Wednesday, December 20, 2017

Five hoax memoirs still worth reading

Jeff Somers is the author of Lifers, the Avery Cates series from Orbit Books, Chum from Tyrus Books, and the Ustari Cycle from Pocket/Gallery, including We Are Not Good People. At the B&N Reads blog he tagged five fake memoirs still worth reading, including:
Go Ask Alice, by Beatrice Sparks

Go Ask Alice is still officially listed as being an anonymous memoir of a teenage girl who descends into a hell of drug abuse, prostitution, and homelessness. Written during a time of moral panic among suburban parents who feared the 1960s sex-and-drugs culture was going to seduce their kids, the book raised eyebrows with its depiction of the narrator’s rapid descent into full-blown drug addiction, even if the way she hits every branch on the misery tree on her way down to the bottom is a bit on the nose for what is ultimately an anti-drug fable. Sparks, who wrote countless other fictional diaries, does succeed in capturing the lazy way disaffected youth can get into trouble through simple boredom and peer pressure, and the story is much more layered and brutal than you might imagine. That’s likely why it’s still in print more than 40 years later, and long after it’s veracity as a memoir was debunked.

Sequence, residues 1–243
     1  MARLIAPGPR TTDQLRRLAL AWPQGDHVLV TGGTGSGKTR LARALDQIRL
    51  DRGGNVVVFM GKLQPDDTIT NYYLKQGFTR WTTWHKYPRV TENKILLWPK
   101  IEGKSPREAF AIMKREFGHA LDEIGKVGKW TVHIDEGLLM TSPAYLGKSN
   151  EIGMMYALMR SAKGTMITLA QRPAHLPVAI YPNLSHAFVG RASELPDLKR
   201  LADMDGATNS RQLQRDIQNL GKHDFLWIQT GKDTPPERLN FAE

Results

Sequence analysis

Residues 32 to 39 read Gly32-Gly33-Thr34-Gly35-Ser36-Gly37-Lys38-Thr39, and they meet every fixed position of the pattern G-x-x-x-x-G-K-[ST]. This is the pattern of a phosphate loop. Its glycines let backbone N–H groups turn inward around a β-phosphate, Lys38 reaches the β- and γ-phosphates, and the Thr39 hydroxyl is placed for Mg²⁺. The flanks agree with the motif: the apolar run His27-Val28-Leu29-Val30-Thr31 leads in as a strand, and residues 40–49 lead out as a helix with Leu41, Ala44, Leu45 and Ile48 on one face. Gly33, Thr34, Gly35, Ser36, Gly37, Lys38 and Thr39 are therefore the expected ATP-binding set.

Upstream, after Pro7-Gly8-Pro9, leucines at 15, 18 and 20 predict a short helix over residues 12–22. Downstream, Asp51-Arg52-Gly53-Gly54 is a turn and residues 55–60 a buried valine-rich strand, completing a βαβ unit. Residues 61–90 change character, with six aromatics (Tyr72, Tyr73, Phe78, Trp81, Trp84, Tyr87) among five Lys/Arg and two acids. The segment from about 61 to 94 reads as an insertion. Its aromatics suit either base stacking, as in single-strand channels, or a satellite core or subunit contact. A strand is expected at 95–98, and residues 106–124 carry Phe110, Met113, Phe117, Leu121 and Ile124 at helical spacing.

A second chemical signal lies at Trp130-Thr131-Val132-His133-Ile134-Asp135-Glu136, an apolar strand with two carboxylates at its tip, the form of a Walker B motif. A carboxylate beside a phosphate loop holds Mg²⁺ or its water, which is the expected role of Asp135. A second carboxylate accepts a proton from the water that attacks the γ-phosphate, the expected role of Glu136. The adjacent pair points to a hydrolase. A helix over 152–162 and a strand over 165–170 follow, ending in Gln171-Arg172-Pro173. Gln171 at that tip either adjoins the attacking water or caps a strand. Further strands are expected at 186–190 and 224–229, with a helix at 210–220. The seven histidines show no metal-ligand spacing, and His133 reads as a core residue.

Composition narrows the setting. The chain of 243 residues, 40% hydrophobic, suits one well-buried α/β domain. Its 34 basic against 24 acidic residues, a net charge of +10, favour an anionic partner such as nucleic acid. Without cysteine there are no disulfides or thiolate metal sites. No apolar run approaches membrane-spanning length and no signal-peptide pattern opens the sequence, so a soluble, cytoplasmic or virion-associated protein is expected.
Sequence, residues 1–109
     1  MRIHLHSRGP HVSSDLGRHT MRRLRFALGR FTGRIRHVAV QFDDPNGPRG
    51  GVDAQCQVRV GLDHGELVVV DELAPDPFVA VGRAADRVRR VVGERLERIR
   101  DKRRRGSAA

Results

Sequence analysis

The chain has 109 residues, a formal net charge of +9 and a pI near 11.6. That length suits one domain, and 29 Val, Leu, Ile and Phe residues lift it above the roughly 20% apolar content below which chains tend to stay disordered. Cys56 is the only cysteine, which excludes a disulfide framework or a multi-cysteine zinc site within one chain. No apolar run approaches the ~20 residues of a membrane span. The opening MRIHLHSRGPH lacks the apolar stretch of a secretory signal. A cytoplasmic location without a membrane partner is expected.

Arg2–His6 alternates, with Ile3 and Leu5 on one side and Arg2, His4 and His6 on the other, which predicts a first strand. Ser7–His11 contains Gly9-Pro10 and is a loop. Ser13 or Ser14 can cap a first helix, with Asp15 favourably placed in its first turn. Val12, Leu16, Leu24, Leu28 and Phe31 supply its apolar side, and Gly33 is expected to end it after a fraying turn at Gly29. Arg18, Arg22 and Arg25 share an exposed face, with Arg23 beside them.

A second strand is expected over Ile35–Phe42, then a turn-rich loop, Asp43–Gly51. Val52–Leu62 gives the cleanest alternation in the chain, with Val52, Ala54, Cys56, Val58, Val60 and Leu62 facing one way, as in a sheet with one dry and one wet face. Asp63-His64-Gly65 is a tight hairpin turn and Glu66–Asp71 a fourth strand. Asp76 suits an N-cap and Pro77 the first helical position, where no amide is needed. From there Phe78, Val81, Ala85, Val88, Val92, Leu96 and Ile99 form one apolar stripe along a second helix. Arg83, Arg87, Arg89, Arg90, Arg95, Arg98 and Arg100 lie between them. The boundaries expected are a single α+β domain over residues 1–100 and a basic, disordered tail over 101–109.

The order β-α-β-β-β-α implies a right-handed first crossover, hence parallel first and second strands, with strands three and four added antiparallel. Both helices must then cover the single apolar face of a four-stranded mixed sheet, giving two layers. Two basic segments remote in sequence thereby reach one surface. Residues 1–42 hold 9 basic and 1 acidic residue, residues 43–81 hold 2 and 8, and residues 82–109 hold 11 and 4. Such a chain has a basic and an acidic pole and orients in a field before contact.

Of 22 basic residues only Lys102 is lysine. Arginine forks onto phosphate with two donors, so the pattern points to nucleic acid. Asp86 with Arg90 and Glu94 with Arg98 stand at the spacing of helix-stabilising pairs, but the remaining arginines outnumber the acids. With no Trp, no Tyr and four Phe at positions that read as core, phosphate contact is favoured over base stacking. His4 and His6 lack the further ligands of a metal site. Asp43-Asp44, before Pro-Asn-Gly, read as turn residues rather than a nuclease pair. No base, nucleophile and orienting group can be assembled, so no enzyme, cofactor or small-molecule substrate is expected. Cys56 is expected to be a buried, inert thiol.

Read about the other entries on the list.

--Marshal Zeringue